I shrugged looked around and replied "Well, I like your office." And that was it. they didn't know it, but I was unofficially their client. Their office was not opulent, but it was not a dive either. It was homey and in a nice building. there were new computers and a sense of decor stability (meaning that things had been there awhile). To merge my competing metaphors, I had agreed to buy the Honda Accord to take Miss Personality to the dance.

So a day later I agreed in principle to sign with the Ellis Talent Agency. My manager (no office, but works out of a nice condo)was thrilled at this lateral move for me and possible vertical opportunities for her other clients. I was happy to be done with "The Hassle" and start auditioning in January. I really hope this policy continues to work. If I'm right , then eventually my house will look 90% better than the best agency in town. If I'm not, then I'll be working at home depot, consulting agents on bathroom fixtures.

Thursday, June 26, 2008

Best Acting Advice Evar!

Okay, here it is.

Blog number two in the third age of Mike-Blog-Utopia and I'm gonna give away the biggest, best tip on acting ever. After this, I can just close up shop and build a strip mall here. It's that awesome, that important.

And it's not even mine. I heard it when I was an undergraduate taking a special acting class to prepare us for the 'real world'. It was taught buy an alumnus named Dennis Cockrum, an actor who's big claim to fame was a role in the movie "Uncle Buck", followed by a lead in the TV series of the same name. Big stuff to a 20 year-old who was screwing around in Ypsilanti, Michigan in a lackluster acting program in the middle of the Midwest. Dennis was the closest thing I'd ever seen to a movie star. His words were gold.

And yet, when he told me the greatest tip to new actors ever uttered, I hated him. What he said was stupid...beyond stupid, irresponsible. I wondered if he could be kicked out right then and there. He was corrupting the youth of America with this nonsense and some one had to stop the message.

The message that went like this:

"If there is anything in this world that you like to do more than acting, if there is anything you're even remotely better at doing than it."

WTF? FTW? (Author's note: those initialization were not in public usage at the time. Colloquial expressions utilized to appear 'hip')

And like I said, it pissed me off. How dare this old guy (who I am now of that 'old' age) walk into MY school - not his - and tell me to quit acting. Who the Hell is he anyway?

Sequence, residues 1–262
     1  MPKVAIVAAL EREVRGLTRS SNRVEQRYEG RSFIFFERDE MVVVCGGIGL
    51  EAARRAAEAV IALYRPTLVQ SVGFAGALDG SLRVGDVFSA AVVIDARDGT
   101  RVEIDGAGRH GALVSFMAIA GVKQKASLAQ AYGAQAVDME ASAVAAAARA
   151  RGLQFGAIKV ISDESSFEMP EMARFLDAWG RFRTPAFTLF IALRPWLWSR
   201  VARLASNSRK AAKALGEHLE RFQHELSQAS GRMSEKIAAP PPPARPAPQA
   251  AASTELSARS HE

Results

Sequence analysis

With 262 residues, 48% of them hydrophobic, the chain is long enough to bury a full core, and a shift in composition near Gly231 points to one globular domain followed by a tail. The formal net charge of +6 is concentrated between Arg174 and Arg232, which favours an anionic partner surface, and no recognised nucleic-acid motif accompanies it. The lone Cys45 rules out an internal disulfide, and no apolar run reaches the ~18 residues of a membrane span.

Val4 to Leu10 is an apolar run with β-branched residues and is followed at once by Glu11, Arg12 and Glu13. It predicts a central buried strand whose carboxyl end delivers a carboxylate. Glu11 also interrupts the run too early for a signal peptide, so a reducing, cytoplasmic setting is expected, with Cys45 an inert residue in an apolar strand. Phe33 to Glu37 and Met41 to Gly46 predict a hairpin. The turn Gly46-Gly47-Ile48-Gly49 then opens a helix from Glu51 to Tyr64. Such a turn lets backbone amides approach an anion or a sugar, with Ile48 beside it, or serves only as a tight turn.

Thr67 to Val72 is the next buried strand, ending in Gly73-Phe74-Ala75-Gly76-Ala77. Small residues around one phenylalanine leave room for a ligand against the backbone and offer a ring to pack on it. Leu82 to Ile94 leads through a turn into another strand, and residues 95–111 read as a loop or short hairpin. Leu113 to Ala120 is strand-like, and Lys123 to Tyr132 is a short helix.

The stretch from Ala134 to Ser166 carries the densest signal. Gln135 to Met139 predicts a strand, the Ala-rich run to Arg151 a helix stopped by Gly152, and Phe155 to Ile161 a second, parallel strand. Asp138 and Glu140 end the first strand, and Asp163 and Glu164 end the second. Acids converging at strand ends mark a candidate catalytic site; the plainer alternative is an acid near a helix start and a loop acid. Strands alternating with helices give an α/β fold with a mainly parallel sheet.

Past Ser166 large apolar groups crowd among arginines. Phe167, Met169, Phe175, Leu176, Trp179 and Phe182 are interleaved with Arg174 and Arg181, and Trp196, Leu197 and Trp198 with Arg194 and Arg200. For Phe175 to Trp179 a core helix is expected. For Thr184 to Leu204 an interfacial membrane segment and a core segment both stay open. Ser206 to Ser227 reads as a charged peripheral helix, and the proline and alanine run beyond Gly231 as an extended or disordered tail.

Then it hit me: he wasn't trying to discourage us, he was trying to warn us.

I looked at his face and saw the years of rejection. Each wrinkle was graph of a failure, each crevice was a hole where hope once was. The Business beat the crap outta this guy...this guy who was successful, and yet he still looked like he lost every battle.

I looked around at the 9 or 10 of us in the class and instantly started to see what he meant. These were the best and brightest of my acting program. At least for this year. And yet, suddenly I could see the tough lives ahead of each of them, the loss the sorrow, the pain if they kept up the dream of being an actor. We were 'good', but many other would be 'great'. Before we graduated, before we left that room...before we even considered being an actor, the odds were stacked against us.

And you know what, years later, his words still proved true. Out of those 9 or 10, I think I'm the only one out in Hollywood pursuing the dream. My friend Tony is an Artistic Director in Michigan (and a damn good one) and the rest...well, they sooner or later followed Dennis's advice. Even I sit here typing away, focused on my next audition and wondering if there's still time to go into teaching. Acting is that hard.

Of course, the greatest irony about this advice is that about zero percent of the people told this will follow it immediately. Everyone envisions themselves as special, different, talented. They launch themselves at Hollywood, New York, Chicago or some lesser city with the grandest of schemes. They struggle against the truth that sits them down for coffee after each failed audition, each painful rejection and tells them that maybe another career is warranted. They clog the system, creating white noise that those who may honestly have a chance, must work twice as hard to break though. It's not their fault of course; like Bruce Willis in 'The Sixth Sense', they're already dead, they just don't know it yet (And no, it's not a spoiler anymore. I give movies 18 months before I start spilling secrets. BTW, rosebud = sled).

And so I take the torch from Dennis and bestow this nugget of wisdom to you. Be a doctor, lawyer or rocket scientist if you think you might like it a bit more than acting. Hell, even if you don't like those occupations, keep them on deck just in case. If money and stability makes you happy, don't be an actor.